2012 was one of the 10 warmest years on record globally according to data released Tuesday from the National Oceanic and Atmospheric Administration (NOAA) and NASA. NOAA said that 2012 marked the 10th warmest year since records began in 1880, with a globally averaged annual temperature that was 1.03°F above average. NASA, using slightly different methods, found that it was the ninth-warmest year.
NASA and NOAA independently keep track of Earth’s surface temperatures, and their records, along with other datasets all show a clear global warming trend during the latter half of the 20th century. Studies show this due in large part to manmade emissions of heat-trapping greenhouse gases, such as carbon dioxide.
Watch 62 Years of Global Warming in 13 Seconds
A progression of changing global surface temperature anomalies from 1950 through 2012.
Double-click video for full screen.
Based on NOAA’s numbers, anyone younger than 36-years-old has never experienced a cooler-than-average year on the planet, since the last such year occurred in 1976. The global annual temperature has increased at an average rate of 0.11°F per decade from 1880 to 2012, NOAA said, with the rate of increase accelerating in recent decades, to an average of 0.27°F per decade during the past 50 years. Including 2012, all 12 years during the 21st century have been among the 14 warmest on record, and only one year — 1998 — during the 20th century was warmer than 2012.
According to NASA, with the exception of 1998, the nine warmest years in their 132 years of record keeping have occurred since 2000, with 2010 and 2005 ranking as the hottest years on record.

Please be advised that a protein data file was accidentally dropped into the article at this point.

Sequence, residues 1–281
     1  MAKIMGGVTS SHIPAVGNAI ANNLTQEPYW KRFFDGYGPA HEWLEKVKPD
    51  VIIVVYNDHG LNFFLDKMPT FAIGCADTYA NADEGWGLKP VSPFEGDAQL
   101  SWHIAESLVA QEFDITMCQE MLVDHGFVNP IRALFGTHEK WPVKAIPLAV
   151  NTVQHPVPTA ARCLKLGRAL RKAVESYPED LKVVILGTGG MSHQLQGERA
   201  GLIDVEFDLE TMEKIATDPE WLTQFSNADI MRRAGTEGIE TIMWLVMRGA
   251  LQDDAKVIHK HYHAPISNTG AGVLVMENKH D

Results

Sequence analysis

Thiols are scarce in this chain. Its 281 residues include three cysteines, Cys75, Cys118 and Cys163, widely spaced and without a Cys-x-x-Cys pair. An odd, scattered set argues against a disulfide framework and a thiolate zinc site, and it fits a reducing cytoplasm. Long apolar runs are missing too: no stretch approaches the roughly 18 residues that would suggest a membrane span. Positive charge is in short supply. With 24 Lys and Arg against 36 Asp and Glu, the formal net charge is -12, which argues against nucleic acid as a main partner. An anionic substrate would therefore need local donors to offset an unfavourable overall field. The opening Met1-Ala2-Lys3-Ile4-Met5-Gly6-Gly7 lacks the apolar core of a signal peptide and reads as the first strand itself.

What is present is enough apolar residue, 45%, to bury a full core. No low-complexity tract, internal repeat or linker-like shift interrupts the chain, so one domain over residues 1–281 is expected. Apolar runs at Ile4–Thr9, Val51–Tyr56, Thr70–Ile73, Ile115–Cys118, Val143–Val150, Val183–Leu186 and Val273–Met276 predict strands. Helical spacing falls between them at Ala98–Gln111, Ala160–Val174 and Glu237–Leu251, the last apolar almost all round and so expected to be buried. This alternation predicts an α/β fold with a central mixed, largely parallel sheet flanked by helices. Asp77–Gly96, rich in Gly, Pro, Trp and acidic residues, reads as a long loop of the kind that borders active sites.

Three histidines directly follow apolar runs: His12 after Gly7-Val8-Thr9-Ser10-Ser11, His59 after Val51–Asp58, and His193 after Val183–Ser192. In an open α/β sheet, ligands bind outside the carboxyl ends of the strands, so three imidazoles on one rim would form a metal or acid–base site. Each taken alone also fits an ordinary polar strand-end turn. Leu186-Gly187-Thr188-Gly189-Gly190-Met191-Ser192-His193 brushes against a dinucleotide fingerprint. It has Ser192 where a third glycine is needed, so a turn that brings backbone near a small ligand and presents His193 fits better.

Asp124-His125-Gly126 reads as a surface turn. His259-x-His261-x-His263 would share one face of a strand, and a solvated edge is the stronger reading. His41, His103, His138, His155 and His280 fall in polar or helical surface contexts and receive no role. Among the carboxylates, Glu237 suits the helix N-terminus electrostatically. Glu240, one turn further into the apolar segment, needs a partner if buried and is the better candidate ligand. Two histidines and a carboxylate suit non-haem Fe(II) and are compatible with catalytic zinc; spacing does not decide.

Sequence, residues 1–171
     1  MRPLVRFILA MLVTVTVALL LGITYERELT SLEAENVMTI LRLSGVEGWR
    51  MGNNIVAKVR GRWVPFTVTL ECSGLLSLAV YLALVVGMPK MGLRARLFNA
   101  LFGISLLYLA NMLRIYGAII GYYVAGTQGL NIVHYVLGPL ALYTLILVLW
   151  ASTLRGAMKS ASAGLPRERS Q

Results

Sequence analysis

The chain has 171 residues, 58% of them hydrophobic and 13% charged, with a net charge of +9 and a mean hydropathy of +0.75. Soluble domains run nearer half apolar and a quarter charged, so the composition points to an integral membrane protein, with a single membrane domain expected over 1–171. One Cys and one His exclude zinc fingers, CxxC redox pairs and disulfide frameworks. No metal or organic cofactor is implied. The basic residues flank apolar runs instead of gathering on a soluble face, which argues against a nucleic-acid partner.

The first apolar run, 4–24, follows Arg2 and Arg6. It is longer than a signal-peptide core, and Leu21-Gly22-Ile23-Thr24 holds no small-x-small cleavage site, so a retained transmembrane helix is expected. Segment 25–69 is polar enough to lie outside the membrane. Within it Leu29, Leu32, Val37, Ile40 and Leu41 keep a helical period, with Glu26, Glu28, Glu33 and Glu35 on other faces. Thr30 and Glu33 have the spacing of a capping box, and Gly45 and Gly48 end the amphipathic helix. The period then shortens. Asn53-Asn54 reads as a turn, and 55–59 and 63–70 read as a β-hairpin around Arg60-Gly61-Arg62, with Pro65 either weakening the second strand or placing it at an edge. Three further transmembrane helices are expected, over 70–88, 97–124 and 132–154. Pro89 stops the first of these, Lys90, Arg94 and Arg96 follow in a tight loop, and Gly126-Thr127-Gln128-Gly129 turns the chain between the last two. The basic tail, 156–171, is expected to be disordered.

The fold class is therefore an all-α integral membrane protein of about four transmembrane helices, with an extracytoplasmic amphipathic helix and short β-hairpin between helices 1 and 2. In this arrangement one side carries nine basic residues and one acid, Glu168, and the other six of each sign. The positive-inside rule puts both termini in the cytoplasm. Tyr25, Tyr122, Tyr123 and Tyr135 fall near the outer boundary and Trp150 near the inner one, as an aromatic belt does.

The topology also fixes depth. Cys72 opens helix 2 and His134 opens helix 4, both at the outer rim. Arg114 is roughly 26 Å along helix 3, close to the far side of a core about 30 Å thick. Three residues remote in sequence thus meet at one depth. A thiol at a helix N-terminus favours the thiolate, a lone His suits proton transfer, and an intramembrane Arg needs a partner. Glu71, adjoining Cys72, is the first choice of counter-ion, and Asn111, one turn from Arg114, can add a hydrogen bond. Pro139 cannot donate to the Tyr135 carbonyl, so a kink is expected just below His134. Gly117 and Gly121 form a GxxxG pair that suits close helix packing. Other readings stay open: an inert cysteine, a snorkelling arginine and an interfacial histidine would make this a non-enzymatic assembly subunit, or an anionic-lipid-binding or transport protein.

“One more year of numbers isn't in itself significant,” NASA climatologist Gavin Schmidt said in a press release. “What matters is this decade is warmer than the last decade, and that decade was warmer than the decade before. The planet is warming. The reason it's warming is because we are pumping increasing amounts of carbon dioxide into the atmosphere.”
Although global temperatures have continued to increase when viewed over longer time periods, there remains considerable year-to-year variability due to natural climate fluctuations, such as La Niña and El Niño events, which can help decrease or increase global temperatures even further.
During the past decade, the rate of global warming has slowed in response to natural variability and changes in manmade pollution, said James Hansen, the director of NASA’s Goddard Institute for Space Studies.
Hansen said the prevalence of La Niña conditions during this period, and an increase in global particulate pollution, most likely account for any apparent slowdown in warming. Particulates, such as sulfate aerosols from burning coal, can mask some of the warming influence of greenhouse gases, and increased air pollution in developing countries such as China and India has boosted particulate pollution in recent years, Hansen said.
However, if the past two years are any indication, the manmade global warming signal may now be powerful enough to largely overcome the short-term cooling influences of a La Niña.